Abu Ahmed, 48, is a Gaza taxi driver who fears he will be imprisoned for being unable to pay his heavy debts.
"I wish I could give up smoking—not for my health, but because the government imposes such high taxes on tobacco," says Ahmed, who estimates he smokes two packs of cigarettes a day. "These taxes are the reason why I'm drenched in debt."
He’s not alone. Despite a poverty rate of 80 percent in Gaza, smoking is on the rise in the Strip. The Palestinian Central Bureau of Statistics estimates the number of smokers in Gaza more than doubled from 2010 to 2015—jumping from 7.3 percent to nearly 15 percent. The smoking habit is most entrenched among men. In a survey published in 2016 in the Journal of Multidisciplinary Healthcare, 31 percent of adult men in Gaza reported smoking.
While the 2016 report cites the influence of friends as the primary reason why Gazans pick up the habit, smokers themselves cite stress as the factor that keeps them smoking despite the high cost. Many residents suffer from mental and emotional distress from past wars on the Strip, and Gaza has the highest unemployment rate in the world—about 45 percent overall and as high as 60 percent among youth. Smoking is driven by frustration, anger and boredom.
It’s a vicious circle: the addiction and the price cigarettes can command drives many young peddlers to the streets and alleyways to hawk the “poison”; one can barely navigate the roads and alleyways without stumbling over them.
“I’ve been smoking since I was 19,” shrugs Abu Ahmed, adding that the most contented moments of the day are when he has a smoke with a cup of coffee. “It’s the only way I’ve got to escape the boredom and depression of this miserable existence.” [Note that alcohol is banned in Gaza.]
Due to their high price and a general lack of purchasing power among the 2 million population, cigarettes are sold singly in Gaza. The most popular type is Egyptian cigarettes, due to their relatively good quality and affordability. Still, they cost 20 shekels (about $5.70) for a pack of 20—a price that causes many Gazans to struggle to afford. Abu Ahmed’s fear of imprisonment isn’t irrational; nearly 100,000 Gazans spent time in jail in 2017 due to unpaid debt.
Even more expensive than Egyptian cigarettes are the imported Viceroy, Parliament, Marlboro and Kent brands, ranging from 20 shekels ($5.70) to 27 ($7.70) a pack. The high charge for cigarettes is due to a tax imposed by Gaza's government on imported cigarettes—up to half the total price. In fact, the taxes have been fluctuating frequently recently—getting increasingly higher. If the cigarettes are smuggled in through a tunnel, the price is even more.
Although there are locally manufactured cigarettes—known as al-Araby tobacco—that sell for only 5 shekels ($1.50) a pack, consumption is low because of its poor quality and distasteful odor. A Palestinian brand from the West Bank, called Liberty, now is being sold in Gaza as a result of the attempted reconciliation between the two main political parties sell. The price is only 9 shekels ($2.57), but it still considered a poor choice compared to Egyptian and foreign brands.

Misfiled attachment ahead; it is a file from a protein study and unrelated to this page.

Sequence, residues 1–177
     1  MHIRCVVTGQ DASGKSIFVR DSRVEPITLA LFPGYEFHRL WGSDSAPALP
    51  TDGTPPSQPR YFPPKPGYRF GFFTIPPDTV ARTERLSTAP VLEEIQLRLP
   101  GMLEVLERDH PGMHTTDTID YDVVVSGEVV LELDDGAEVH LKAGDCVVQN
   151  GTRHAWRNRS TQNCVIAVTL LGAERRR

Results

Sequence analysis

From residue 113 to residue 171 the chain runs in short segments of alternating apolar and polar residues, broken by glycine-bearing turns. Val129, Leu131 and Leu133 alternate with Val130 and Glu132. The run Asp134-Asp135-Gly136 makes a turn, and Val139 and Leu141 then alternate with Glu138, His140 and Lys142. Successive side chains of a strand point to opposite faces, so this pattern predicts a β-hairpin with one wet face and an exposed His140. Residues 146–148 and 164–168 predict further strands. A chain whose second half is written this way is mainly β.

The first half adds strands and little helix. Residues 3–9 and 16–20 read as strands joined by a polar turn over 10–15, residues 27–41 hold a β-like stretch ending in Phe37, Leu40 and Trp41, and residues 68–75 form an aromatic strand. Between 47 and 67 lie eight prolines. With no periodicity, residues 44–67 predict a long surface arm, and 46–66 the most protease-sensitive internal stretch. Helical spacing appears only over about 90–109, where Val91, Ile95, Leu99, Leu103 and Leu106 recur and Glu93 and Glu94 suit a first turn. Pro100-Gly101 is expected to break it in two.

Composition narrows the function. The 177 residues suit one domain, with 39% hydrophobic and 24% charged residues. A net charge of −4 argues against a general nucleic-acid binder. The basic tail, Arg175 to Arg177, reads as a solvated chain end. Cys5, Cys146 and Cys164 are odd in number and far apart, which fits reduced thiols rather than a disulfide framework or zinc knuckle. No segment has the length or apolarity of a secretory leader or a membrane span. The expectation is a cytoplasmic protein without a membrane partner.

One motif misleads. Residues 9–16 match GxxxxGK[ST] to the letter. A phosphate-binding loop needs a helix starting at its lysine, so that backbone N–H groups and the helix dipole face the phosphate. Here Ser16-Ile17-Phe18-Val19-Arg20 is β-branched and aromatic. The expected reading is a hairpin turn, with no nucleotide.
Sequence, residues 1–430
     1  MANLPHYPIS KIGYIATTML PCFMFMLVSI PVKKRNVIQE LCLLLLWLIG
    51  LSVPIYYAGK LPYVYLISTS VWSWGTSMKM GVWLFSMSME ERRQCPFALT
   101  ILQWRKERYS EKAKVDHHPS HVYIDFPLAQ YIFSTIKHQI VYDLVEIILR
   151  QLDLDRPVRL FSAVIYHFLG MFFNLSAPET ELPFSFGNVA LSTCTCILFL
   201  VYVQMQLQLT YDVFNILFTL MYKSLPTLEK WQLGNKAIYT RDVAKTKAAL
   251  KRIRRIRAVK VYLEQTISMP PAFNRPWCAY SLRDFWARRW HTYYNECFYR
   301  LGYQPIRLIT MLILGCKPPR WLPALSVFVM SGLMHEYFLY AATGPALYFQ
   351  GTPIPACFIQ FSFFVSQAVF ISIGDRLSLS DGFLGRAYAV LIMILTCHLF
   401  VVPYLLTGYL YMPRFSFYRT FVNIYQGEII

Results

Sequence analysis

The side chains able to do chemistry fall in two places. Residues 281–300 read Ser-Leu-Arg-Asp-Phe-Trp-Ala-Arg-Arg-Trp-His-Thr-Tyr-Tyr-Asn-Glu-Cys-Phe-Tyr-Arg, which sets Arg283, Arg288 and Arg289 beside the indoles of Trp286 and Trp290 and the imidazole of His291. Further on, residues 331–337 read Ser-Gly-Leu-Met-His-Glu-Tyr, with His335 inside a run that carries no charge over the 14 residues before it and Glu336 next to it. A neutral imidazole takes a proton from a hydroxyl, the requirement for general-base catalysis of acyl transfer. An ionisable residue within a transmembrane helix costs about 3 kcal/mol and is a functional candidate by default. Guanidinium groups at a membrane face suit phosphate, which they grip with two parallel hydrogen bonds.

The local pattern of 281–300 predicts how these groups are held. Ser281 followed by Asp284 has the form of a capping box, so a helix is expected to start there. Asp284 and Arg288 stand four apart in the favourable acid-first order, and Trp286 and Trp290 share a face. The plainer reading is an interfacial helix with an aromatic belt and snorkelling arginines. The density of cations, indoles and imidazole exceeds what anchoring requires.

The Gaza government began Imposing taxes on imported cigarettes during Israel’s 2014 war on Gaza. Israeli forces destroyed many of Gaza's tunnels, and most of the remainder have been targeted by the Egyptian government since then. Prior to that time, the average pack of Egyptian cigarettes cost just $1.14 dollars. However, today, the price of tobacco is never stable; it rises and falls within a day. Egyptian cigarettes have reached a high of 30 shekels ($8.57) each.
Hookahs (water pipes) also are common forms of smoking and e-cigarettes (vaping) are starting to make inroads. However, cigarettes continue to be the most easily accessible and popular.
"I used to earn 100 shekels ($29) a day from my job as a taxi driver and paid just 7 shekels for two packs of smokes," Abu Ahmed recalls. "But today, I barely earn 50 shekels ($14.28) a day, of which almost 31 ($9) goes to cigarettes. This life is unacceptable."
Haneen (who asked that her full name not be used), a mother of one daughter and a son, complains about her smoker husband. Both are unemployed and his addiction to smoking forced him to sell her phone to get money. Today, he is in debt by 600 shekels ($171).
"I always beg him to quit smoking, but he says he can't. Instead of paying the fees of my daughter's kindergarten, he pays to smoke," she sighs.
Unlike in the West, there are no anti-smoking campaigns in Gaza. The government once tried prohibiting smoking in cars, but there was such a backlash that the ban didn't go into effect. The 2016 survey found that family pressure is the most effective at preventing the smoking habit—but stopping it once started is difficult.
"I sell the equivalent of at least 300 packs per a day. And sometimes, the number reaches 500, especially on weekends,” one cigarette vendor says, who owns a popular shop in Gaza and asked that his name remain withheld. "Tobacco is like bread."
First published by The New Arab